There was a running joke in my family that I made it to Africa before I ever saw Vancouver Island. As a kid growing up in Vancouver, BC this didn’t make a lot of sense geographically. But it was true. And, as much as I remember vibrant sunsets and thrilling encounters with African wildlife, I remember other things too. I was ten years old when I visited South Africa in 1999, less than a decade after their national Apartheid legislation was repealed and just as Nelson Mandela’s term as the first President of South Africa was ending. And it is the memories I have related to these circumstances that have lingered the longest and left the greatest impression on my life.

I remember being in Cape Town and seeing faded remnant signs for ‘blacks’ and ‘whites only’ at building entrances and water fountains. I remember visiting a museum on the history of segregation in District Six, part of the city where tens of thousands of Coloured residents were removed by force by the prevailing government regime in the 1960s and 1970s. I remember looking through the bars of Nelson Mandela’s two-metre wide jail cell on Robben Island, a place he spent 18 of his 27 years in prison. I remember a quiet scene at dusk, looking down a street in Soweto, a township of Johannesburg. Here, a young boy named Hector Pieterson was shot and killed by police during a student protest against the introduction of the Afrikaans language in local schools. I remember my Mom reading aloud passages of Long Walk to Freedom and Cry, the Beloved Country as we sat together in bed.

As strange as it seemed to my family that I had travelled halfway around the world before seeing the capital city of my home province, in retrospect it is equally strange that, as a child, my perception of racism and segregation was that it was something that happened outside of Canada. It was something that happened in far-off places. While I learned first-hand about the crimes against humanity that occurred in South Africa before I was a teenager, it was not until my mid-20s that I started to learn the truth of similar injustices incurred by Indigenous Peoples at the hands of colonial immigrants and the Canadian government throughout history. The story told in my elementary and high school classes was incomplete and, as I am learning now, biased. And it is these biases that perpetuate systemic racism in our country today.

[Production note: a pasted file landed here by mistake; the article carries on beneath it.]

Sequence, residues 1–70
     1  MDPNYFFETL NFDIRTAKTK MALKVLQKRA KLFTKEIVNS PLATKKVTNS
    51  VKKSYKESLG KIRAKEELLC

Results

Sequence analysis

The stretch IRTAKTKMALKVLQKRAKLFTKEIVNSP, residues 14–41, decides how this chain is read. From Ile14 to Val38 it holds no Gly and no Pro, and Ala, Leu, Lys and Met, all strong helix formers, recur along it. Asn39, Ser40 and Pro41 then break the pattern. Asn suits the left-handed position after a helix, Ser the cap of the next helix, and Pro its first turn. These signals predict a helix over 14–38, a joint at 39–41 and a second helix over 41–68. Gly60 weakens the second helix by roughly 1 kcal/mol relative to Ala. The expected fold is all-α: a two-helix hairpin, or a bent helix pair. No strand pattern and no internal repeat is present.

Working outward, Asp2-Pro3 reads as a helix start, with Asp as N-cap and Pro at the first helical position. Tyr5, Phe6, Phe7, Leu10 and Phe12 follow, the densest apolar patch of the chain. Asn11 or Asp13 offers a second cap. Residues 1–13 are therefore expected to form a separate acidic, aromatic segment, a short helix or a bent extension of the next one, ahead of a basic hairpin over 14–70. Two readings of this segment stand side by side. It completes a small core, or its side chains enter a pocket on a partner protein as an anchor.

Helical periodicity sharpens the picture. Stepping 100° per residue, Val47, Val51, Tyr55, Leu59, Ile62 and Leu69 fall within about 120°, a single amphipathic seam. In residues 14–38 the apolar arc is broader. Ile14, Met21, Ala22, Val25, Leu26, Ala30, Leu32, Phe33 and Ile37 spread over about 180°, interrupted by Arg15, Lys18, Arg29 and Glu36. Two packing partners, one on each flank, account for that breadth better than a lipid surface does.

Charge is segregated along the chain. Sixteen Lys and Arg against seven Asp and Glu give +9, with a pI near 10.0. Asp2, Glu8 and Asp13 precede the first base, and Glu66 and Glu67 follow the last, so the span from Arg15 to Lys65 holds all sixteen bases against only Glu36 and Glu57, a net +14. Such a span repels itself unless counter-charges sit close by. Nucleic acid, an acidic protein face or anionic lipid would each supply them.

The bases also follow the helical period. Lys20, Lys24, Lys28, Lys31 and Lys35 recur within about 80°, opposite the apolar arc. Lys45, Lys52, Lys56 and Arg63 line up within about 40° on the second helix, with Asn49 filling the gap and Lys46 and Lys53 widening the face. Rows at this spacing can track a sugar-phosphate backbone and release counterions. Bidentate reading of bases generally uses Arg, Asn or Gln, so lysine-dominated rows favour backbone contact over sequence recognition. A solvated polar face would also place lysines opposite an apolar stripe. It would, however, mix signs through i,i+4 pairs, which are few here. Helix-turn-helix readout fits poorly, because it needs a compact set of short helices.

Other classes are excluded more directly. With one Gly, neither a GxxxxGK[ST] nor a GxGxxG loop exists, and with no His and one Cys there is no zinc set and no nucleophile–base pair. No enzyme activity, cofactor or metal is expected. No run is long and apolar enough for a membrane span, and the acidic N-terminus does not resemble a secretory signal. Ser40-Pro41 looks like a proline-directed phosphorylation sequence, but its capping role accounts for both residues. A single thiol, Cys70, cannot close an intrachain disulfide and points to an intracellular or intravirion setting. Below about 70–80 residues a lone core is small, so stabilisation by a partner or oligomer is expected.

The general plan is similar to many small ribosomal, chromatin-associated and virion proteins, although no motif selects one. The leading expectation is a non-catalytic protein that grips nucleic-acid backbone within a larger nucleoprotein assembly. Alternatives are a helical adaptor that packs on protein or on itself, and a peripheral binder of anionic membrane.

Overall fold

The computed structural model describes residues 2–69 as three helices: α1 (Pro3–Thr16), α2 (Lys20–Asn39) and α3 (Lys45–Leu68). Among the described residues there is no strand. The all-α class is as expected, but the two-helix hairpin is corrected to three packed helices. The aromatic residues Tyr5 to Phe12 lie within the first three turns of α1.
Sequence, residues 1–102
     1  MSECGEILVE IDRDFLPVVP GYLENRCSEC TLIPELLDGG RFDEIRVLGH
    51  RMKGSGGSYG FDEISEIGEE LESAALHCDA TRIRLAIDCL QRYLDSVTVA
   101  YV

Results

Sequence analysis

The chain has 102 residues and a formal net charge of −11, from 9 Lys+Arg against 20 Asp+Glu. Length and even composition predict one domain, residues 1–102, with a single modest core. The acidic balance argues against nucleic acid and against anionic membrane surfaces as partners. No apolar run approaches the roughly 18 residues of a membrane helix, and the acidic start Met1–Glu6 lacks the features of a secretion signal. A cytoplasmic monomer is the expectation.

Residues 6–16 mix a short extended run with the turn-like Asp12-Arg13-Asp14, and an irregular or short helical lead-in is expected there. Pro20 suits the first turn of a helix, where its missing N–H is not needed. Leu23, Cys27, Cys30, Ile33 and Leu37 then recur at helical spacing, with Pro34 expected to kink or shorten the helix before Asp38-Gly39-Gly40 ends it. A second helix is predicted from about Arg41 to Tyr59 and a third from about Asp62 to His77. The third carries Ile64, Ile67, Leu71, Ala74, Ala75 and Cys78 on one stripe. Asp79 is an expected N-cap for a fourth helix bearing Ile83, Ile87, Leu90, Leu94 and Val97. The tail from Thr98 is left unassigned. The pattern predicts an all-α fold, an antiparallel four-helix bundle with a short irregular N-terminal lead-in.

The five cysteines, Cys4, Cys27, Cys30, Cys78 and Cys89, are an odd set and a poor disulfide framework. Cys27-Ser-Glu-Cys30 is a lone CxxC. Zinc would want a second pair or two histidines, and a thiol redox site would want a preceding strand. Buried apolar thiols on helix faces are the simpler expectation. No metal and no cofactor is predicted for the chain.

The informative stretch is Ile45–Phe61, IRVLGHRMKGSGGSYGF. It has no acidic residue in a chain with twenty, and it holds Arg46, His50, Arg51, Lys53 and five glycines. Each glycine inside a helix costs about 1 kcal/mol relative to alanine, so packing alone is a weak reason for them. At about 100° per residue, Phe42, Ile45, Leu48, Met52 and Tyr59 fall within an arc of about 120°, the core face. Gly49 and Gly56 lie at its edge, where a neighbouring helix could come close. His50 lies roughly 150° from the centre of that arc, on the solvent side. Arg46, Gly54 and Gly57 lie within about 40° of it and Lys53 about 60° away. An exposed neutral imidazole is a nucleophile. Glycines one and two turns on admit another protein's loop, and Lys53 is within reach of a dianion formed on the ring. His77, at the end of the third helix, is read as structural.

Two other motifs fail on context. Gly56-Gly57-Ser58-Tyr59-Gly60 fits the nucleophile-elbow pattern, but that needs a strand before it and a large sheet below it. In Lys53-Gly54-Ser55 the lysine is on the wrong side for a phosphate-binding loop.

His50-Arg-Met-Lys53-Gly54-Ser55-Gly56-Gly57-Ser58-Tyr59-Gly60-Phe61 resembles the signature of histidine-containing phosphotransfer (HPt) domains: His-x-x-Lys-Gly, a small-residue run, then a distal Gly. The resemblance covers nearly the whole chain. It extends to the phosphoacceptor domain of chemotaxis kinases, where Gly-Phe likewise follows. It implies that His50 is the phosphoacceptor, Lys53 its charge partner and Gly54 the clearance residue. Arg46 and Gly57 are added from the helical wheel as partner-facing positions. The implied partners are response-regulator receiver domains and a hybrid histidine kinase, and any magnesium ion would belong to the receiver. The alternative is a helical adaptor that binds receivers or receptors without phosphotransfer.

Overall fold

Although I grew up largely ignorant to the true history of my country that does not mean I should stay ignorant to it. In fact, it is imperative that I do not. I accept that there is no quick or easy fix but, fortunately, knowledge acquisition in a life-long process. And with regard to understanding the history of Canada and working toward a less prejudiced and more inclusive future, I acknowledge I am only just beginning.


I moved to Atlantic Canada this summer to join Megan’s lab as a Postdoctoral Fellow. With a background in economics, this is my first exposure where issues with Indigenous fisheries intersect with my professional career. My training in natural resource economics was quite removed from social “real-life” issues. I was taught to strictly focus on topics such as stock management, and abstract theory such as “utility maximization” while thinking of equity topics as “beyond the realm of our research,” aka somebody else’s problem. 

As a result, I have over the years trained myself to mentally separate “work life” and “personal life.” But this mindset is damaging, and there are two ways I can combat this within my circle of influence. On a personal level, I am going to keep learning about the challenges facing Mi-kmaq, Nunatsiavut and other Indigenous groups as a direct result of systemic racism. I am reading more indigenous media content to gain a balanced view and not one that only perpetuates white supremacy. On a professional level, Megan’s lab, led by Megan and supported by all her wonderful students, is showing me that I don’t have to pretend Indigenous issues do not exist in economics. Instead, it is my job to contribute to the literature and include the discussion in my research. Only then will my research be able to inform policy that truly addresses equitable issues. 


Today, on Treaty Day, I am reflecting on why, as a white settler, I have heard and participated in so few conversations on treaty education, Indigenous rights, and even the history of colonization. There are certainly many, many factors at play here, but the one that resonates with me the most is fear and discomfort around saying the wrong thing.

A common theme in 2020 has been the notion of “impact over intention”. I used to think that if you said something that hurt someone, but you had meant well, then it was okay – it was just an accident or a misunderstanding. But as I have grown, my feelings on this have changed. I do still believe that your intentions matter, just not more than your impact. As individuals, we are responsible for the impact of our words and actions. But then I think: how can I know what impact I will have? Every single person is different. Every single person has different experiences and personalities. How can I possibly know what impact I will have on someone? These thoughts swirl around inside my head and my fear of saying or doing the wrong thing, all too often, results in my doing nothing at all. However, my reflections on this have since expanded: yes, as individuals, we are responsible for the impact of our words and actions, but we are also responsible for the impact of our silence and inaction. In other words, doing nothing counts as doing something.